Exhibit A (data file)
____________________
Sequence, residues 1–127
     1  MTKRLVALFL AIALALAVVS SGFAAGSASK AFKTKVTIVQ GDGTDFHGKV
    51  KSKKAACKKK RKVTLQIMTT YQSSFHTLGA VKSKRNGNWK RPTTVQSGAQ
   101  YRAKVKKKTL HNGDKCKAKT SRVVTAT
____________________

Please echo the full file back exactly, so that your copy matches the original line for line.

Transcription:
Sequence, residues 1–127
     1  MTKRLVALFL AIALALAVVS SGFAAGSASK AFKTKVTIVQ GDGTDFHGKV
    51  KSKKAACKKK RKVTLQIMTT YQSSFHTLGA VKSKRNGNWK RPTTVQSGAQ
   101  YRAKVKKKTL HNGDKCKAKT SRVVTAT